FIG. 2 illustrates an integrated circuit device that is mounted to a package using C4 technology;

FIG. 3A is a top view of an integrated circuit device having both wire bond pads and C4 bond pads in one embodiment of the invention;

FIG. 3B shows the power, ground and I/O connections of the integrated circuit device shown in FIG. 3A;

FIG. 3C is a cross-sectional side view of an integrated circuit in one embodiment of the invention; and

FIG. 4 illustrates a wire bond and C4 pad grid structure in one embodiment of the invention.

DETAILED DESCRIPTION

An integrated circuit device having both wire bond pads and C4 pads is described. In the following description, numerous specific details are set forth in order to provide a thorough understanding of the present invention. However, it will be obvious to one of skill in the art that the invention may be practiced without these specific details. In other instances, well known elements have not been shown in particular detail in order to avoid unnecessarily obscuring the present invention.

In FIG. 3A, an integrated circuit device 300 is shown having a plurality of wire bond pads 304 and C4 pads 306 located on the frontside 302 of the device. The wire bond pads 304 are arranged along horizontal rows 310 a and 310 b and vertical rows 312 a and 312 b. The wire bond pads 304 and C4 pads 306 each include power connections (VCC), ground connections (VSS), and input/output (I/O) connections. In accordance with the present invention, integrated circuit device 300 may be electrically coupled to a package 360 (shown in FIG. 3C) by either of wire bond pads 304, or C4 pads 306.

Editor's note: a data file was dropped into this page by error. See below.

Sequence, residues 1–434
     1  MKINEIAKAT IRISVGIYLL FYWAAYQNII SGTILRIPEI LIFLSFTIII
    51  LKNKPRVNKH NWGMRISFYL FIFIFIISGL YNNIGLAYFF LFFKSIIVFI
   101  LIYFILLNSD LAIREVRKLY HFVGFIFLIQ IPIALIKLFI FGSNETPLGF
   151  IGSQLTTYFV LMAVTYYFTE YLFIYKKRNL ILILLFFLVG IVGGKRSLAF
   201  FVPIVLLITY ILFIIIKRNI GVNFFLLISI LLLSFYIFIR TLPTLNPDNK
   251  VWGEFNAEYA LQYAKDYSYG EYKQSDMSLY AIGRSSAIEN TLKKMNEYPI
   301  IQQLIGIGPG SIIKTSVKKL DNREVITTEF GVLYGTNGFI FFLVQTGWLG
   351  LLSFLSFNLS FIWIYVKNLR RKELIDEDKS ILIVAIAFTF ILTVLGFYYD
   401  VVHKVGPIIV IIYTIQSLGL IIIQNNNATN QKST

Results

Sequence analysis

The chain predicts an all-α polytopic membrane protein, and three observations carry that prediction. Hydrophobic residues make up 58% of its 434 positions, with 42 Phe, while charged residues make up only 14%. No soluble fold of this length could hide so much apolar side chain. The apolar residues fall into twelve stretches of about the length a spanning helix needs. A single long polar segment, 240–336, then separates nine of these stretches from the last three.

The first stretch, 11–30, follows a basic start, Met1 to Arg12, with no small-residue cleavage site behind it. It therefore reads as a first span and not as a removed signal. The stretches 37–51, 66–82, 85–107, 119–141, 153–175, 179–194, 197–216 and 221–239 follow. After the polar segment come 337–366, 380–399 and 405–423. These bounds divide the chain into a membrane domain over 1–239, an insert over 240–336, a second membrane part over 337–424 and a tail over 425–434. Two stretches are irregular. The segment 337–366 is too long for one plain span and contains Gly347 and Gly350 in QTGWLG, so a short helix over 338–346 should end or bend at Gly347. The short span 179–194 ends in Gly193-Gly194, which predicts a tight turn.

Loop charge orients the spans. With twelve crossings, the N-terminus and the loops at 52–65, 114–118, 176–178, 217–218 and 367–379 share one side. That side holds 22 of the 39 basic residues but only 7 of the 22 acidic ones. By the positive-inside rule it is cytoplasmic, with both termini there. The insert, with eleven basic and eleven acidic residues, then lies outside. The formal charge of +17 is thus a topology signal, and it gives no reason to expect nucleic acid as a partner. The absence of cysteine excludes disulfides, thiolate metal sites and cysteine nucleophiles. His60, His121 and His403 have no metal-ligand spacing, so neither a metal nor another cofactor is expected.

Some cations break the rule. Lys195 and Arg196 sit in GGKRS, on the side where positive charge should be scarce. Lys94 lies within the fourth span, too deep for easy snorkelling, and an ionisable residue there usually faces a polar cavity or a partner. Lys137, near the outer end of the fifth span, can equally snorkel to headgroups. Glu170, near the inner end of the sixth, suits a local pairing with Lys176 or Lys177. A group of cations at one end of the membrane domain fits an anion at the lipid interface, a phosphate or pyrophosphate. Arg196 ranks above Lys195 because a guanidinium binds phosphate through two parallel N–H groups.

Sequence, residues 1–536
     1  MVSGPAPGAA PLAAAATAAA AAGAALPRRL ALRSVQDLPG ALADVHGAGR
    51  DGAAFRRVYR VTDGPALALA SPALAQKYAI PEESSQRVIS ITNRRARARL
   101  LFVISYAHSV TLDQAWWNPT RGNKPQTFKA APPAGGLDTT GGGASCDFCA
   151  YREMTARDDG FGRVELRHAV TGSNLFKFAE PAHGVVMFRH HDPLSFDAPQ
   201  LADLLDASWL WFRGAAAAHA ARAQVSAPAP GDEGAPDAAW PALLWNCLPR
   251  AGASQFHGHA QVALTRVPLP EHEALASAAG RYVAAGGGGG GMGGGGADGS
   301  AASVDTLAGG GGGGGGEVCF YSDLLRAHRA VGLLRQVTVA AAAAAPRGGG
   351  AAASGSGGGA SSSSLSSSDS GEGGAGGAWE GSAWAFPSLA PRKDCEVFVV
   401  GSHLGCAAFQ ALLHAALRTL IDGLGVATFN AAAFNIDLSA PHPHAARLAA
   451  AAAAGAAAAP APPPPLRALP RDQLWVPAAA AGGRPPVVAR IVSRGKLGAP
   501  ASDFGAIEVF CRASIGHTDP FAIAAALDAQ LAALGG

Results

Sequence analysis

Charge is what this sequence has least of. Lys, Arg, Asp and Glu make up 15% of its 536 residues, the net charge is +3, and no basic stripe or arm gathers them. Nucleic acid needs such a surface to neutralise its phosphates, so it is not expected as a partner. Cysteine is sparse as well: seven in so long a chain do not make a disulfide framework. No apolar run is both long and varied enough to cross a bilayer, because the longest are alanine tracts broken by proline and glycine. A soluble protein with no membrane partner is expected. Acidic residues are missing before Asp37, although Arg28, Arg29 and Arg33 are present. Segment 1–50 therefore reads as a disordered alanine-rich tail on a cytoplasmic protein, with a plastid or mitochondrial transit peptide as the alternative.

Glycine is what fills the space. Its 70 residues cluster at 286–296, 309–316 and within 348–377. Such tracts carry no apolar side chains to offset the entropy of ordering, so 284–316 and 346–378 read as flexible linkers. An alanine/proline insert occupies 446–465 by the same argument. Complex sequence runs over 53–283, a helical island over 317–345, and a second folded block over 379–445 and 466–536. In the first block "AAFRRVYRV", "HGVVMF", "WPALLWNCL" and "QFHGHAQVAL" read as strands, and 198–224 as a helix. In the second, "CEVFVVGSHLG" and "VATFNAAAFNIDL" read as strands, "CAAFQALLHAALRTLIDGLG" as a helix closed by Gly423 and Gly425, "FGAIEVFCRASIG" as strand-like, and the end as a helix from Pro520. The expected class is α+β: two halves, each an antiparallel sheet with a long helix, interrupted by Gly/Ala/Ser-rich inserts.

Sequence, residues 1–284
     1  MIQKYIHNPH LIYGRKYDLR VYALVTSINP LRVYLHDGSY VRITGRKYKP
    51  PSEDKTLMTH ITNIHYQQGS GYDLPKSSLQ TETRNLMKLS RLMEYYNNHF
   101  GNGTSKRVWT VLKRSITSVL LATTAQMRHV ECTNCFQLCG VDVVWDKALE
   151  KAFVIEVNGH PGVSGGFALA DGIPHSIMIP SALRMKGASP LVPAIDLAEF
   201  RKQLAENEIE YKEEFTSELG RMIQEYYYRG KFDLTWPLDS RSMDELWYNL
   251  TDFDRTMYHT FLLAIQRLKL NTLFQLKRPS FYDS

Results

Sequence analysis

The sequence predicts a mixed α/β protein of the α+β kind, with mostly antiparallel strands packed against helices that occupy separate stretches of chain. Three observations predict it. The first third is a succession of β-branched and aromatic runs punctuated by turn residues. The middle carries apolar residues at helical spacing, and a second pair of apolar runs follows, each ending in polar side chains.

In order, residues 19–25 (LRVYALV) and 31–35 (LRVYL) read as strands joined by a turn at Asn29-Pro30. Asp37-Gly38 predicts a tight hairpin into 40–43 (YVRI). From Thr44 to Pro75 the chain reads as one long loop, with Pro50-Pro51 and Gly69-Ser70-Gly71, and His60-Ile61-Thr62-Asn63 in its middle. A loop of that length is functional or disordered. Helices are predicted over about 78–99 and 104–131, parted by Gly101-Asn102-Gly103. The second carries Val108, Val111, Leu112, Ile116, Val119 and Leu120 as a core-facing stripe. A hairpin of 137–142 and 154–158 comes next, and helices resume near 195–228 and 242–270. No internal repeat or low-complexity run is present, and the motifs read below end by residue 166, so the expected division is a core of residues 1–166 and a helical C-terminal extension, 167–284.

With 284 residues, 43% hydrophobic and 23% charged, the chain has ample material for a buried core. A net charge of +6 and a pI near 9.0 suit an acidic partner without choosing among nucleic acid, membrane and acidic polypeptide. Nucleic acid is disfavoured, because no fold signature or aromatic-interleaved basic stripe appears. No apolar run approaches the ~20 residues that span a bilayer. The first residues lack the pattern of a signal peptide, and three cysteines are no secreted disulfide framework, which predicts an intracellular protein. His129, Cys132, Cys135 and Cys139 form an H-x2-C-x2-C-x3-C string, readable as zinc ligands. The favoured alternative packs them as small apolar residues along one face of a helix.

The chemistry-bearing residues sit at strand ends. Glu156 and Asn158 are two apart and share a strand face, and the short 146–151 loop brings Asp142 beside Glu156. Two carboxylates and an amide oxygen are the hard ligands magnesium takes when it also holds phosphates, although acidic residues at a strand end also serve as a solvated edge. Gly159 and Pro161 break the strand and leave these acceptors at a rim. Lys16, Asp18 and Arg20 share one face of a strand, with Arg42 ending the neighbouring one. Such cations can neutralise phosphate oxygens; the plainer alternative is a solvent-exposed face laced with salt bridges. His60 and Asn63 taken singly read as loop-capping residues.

As shown in FIG. 3B, each of the C4 pads 306 is electrically coupled to one of the wire bond pads 304 that is located at or near the periphery of the integrated circuit device 300. For simplicity reasons, every wire bond pad is not shown being coupled to a corresponding C4 pad in FIG. 3B. Note, however, that it is preferable that every wire bond pad is to have a corresponding C4 connection.

FIG. 3C shows a cross-sectional side view of a portion of integrated circuit device 300. As shown in FIG. 3C, device 300 includes an electrical interconnection network comprising a plurality of metal layers 330 and conductive vias 332. The wire bond pads 304 are coupled to the C4 pads 306 through the metal layers 330 and conductive vias 332. In another embodiment, the wire bond pads 304 and C4 pads 306 are coupled in the same metal layer.

In order to make it easier to route the electrical connections connecting the wire bond pads 304 to the C4 pads 306, the C4 pads 306 are placed in alignment with the wire bond pads 304. As shown in FIG. 3A, C4 pads 306 are arranged in a grid array with each grid defined by the intersection of one of the wire bond pads in horizontal row 310 a or 310 b and one of the wire bond pads in vertical row 312 a or 312 b.